GHDI logo

Chancellor Theobald von Bethmann Hollweg on the Effects of the Russian Revolution (March 28, 1917)

The Russian Revolution in March of 1917 had an electrifying effect in Germany: it removed the Russian autocracy, the bogey that had persuaded the German Socialists to support the war in 1914. Also, the Russian experience furnished a model in practice of how economic issues, like bread shortages, could be exploited to bring democratic reform, and possibly an end to the war. Chancellor Theobald von Bethmann Hollweg (1856-1921) was keenly aware of this fact, as his note to an official in the foreign ministry makes clear.

print version     return to document list previous document      next document

page 1 of 1

For your personal information and appropriate temporary use.

Efforts have already been made to influence the press along the lines ordered by His Majesty. I am paying all the more attention to this matter, because the Russian revolution naturally occupies the entire public intensely. The Social Democrats cannot be prevented from expressing their sympathy for the Russian revolutionaries; apart from the most radical wing, however, if my hopes are fulfilled, they can be prevented from comparing our situation with the Russian. The spread of antimonarchical tendencies does not seriously worry me for the time being. The position of the monarchy is strongly rooted in the broad masses of the people. A direct danger would, however, emerge if one were to label democratic demands, which are an unavoidable consequence of this war, simply as antimonarchical and if, as was common before the war, one were to recognize only the reactionaries as reliable pillars of the throne. Even military circles are going to have to convince themselves of this truth. A reactionary military dictatorship would lead us toward destruction. The course of events can make the satisfaction of democratic demands necessary during the war itself, in which case it is possible that the length of the war, the severity of sacrifice, and in the end developments in Russia, too, will make concessions appear insufficient that would have seemed adequate during the first year of the war. Without giving in to nervousness, one must be aware that a “too little” or “too late” can become fatal.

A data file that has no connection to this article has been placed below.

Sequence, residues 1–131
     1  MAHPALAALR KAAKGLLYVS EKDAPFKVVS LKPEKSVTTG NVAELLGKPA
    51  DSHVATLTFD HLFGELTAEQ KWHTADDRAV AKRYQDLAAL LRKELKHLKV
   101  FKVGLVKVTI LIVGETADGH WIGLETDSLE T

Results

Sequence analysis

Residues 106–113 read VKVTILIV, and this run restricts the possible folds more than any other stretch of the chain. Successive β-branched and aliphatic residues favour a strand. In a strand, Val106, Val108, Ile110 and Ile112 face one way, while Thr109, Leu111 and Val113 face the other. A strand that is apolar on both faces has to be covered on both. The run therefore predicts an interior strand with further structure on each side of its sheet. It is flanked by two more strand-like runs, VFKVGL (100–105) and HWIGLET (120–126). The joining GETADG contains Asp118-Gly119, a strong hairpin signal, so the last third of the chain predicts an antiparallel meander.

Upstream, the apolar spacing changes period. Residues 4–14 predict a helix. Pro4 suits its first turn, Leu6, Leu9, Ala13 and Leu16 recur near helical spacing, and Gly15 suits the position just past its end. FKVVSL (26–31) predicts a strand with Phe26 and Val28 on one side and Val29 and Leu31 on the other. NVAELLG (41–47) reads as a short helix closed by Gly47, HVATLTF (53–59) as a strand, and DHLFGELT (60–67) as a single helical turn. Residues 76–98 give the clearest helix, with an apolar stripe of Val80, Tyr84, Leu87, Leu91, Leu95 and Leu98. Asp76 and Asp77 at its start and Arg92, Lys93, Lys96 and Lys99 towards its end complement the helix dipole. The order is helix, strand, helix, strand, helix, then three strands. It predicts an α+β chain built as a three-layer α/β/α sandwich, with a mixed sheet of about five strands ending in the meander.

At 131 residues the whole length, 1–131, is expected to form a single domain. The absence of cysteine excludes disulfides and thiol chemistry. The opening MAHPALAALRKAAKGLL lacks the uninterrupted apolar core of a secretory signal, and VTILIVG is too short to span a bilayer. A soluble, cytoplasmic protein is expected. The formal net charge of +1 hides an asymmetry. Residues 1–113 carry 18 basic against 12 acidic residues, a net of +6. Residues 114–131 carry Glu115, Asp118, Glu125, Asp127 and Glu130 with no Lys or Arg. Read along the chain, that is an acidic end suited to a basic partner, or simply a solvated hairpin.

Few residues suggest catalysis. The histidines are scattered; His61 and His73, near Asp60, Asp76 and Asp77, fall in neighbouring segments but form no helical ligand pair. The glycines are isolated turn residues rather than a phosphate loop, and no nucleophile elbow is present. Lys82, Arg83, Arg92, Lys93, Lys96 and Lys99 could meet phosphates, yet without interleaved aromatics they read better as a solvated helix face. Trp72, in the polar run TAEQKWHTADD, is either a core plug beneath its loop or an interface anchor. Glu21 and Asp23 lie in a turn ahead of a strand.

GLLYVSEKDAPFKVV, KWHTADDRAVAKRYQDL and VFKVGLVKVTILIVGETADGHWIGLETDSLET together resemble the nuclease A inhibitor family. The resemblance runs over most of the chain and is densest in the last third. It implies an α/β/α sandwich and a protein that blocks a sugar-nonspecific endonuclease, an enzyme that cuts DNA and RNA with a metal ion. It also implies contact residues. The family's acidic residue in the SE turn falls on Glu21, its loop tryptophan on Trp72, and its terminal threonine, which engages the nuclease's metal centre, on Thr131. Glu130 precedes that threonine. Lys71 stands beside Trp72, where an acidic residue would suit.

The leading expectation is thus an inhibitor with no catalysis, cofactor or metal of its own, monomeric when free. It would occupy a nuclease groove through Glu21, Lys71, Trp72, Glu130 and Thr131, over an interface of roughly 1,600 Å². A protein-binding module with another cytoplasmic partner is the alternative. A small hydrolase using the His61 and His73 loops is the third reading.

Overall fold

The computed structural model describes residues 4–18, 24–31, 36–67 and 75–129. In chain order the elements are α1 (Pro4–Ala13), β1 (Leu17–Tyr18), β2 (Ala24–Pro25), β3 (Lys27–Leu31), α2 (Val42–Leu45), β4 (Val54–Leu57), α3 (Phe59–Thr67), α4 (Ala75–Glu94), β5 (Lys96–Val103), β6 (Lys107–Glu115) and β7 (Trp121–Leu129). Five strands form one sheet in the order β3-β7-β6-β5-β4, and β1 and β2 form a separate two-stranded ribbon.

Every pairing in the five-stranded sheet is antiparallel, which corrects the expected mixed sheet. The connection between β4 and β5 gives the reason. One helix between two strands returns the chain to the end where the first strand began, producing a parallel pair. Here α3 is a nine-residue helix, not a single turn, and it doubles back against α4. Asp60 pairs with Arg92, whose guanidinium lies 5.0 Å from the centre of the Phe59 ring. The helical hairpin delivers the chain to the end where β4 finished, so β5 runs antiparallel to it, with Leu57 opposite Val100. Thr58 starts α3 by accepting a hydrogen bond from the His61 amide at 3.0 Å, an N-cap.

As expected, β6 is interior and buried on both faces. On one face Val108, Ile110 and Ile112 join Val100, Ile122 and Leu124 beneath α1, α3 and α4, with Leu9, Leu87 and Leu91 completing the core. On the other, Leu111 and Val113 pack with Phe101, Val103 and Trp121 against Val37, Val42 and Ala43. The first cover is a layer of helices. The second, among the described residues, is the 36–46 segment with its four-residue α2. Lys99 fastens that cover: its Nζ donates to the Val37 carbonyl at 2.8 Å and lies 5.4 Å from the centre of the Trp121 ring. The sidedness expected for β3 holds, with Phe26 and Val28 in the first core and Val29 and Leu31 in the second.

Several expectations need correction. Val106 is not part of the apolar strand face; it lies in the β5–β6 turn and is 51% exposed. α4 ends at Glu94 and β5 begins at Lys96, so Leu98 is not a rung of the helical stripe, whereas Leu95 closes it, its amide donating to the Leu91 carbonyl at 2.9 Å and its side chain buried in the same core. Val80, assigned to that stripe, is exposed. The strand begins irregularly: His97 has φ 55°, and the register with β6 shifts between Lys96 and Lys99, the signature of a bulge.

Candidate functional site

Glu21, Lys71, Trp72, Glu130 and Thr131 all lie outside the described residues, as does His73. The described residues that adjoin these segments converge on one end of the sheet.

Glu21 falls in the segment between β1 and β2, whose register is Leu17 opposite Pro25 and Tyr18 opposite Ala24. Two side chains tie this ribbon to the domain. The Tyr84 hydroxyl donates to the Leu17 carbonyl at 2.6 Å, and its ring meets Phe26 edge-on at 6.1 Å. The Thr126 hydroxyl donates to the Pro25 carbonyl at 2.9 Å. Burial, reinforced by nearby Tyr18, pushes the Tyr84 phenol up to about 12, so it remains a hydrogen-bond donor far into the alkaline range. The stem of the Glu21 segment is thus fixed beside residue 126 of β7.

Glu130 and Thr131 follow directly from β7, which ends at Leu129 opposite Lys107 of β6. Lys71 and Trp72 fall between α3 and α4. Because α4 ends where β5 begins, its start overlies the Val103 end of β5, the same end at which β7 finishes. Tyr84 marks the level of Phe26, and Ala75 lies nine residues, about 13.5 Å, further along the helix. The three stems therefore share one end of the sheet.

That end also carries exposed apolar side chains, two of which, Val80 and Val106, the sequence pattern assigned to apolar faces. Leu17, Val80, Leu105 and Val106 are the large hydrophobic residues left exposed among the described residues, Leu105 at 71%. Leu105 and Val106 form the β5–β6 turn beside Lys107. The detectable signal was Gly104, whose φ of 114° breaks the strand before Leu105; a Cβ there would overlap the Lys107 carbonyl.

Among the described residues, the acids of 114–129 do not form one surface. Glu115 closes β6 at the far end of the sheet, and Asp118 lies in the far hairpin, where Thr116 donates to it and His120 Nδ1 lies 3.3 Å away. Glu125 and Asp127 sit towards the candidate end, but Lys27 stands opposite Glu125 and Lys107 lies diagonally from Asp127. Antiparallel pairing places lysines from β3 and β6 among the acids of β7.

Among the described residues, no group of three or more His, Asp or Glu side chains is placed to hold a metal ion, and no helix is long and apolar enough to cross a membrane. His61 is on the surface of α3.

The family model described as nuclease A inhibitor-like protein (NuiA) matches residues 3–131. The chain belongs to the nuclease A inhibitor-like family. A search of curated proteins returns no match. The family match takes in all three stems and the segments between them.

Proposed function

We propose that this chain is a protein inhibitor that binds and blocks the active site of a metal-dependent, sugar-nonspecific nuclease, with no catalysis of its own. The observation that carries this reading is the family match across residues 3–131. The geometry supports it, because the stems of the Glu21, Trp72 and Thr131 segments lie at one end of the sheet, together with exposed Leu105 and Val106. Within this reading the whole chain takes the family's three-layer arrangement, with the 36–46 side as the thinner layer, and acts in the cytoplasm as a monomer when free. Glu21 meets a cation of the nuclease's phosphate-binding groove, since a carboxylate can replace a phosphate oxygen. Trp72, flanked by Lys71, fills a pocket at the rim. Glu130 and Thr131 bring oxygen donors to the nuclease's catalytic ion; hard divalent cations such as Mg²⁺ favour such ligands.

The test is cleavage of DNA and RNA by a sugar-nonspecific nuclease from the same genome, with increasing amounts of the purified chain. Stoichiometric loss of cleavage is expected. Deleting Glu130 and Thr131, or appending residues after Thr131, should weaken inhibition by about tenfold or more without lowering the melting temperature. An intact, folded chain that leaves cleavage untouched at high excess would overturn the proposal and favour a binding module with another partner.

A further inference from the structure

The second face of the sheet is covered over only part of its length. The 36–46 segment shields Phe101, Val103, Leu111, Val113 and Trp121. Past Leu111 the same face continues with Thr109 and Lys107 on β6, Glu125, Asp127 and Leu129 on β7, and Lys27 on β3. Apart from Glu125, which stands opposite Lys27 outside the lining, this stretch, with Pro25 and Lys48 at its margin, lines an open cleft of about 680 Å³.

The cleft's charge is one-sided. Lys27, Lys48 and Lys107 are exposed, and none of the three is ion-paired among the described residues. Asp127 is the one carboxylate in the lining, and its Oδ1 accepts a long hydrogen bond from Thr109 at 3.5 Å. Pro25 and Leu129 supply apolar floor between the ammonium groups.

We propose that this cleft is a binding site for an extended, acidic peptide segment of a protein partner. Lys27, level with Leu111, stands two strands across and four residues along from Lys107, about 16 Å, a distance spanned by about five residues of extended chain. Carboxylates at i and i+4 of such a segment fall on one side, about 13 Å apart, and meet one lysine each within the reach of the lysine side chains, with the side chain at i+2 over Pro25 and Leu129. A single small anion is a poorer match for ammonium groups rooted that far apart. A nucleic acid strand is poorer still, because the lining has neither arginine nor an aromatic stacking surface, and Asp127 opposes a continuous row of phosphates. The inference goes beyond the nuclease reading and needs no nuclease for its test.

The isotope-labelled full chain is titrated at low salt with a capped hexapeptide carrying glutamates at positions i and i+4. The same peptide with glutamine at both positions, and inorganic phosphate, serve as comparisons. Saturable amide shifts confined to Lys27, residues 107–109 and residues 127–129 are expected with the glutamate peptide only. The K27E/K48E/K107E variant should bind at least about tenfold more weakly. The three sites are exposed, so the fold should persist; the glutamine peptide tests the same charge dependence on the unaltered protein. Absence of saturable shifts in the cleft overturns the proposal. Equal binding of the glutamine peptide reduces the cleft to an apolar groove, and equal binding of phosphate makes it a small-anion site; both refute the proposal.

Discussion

v. Bethmann Hollweg.

Source: “Telegramm des Reichskanzlers an Legationsrat Freiherr v. Grünau betr. die Rückwirkungen der russischen Revolution auf die Politik der ‘Neuorientierung’” [“Telegram from the Reich Chancellor to Legation Councilor Baron von Grünau, concerning the Repercussions of the Russian Revolution on the ‘New Orientation’ Policy”], March 28, 1917, no. 100. – Politisches Archiv des Auswärtigen Amtes Bonn [Political Archive of the Foreign Office, Bonn], Gr. Hauptquartier, vol. 245.

Reprinted in Wilhelm Deist, Militär und Innenpolitik im Weltkrieg 1914-1918 [Military and Domestic Policy in the World War, 1914-1918]. 2 volumes. Düsseldorf: Droste, 1970, vol. 2, p. 694.

Translation: Jeffrey Verhey and Roger Chickering

first page < previous   |   next page > last page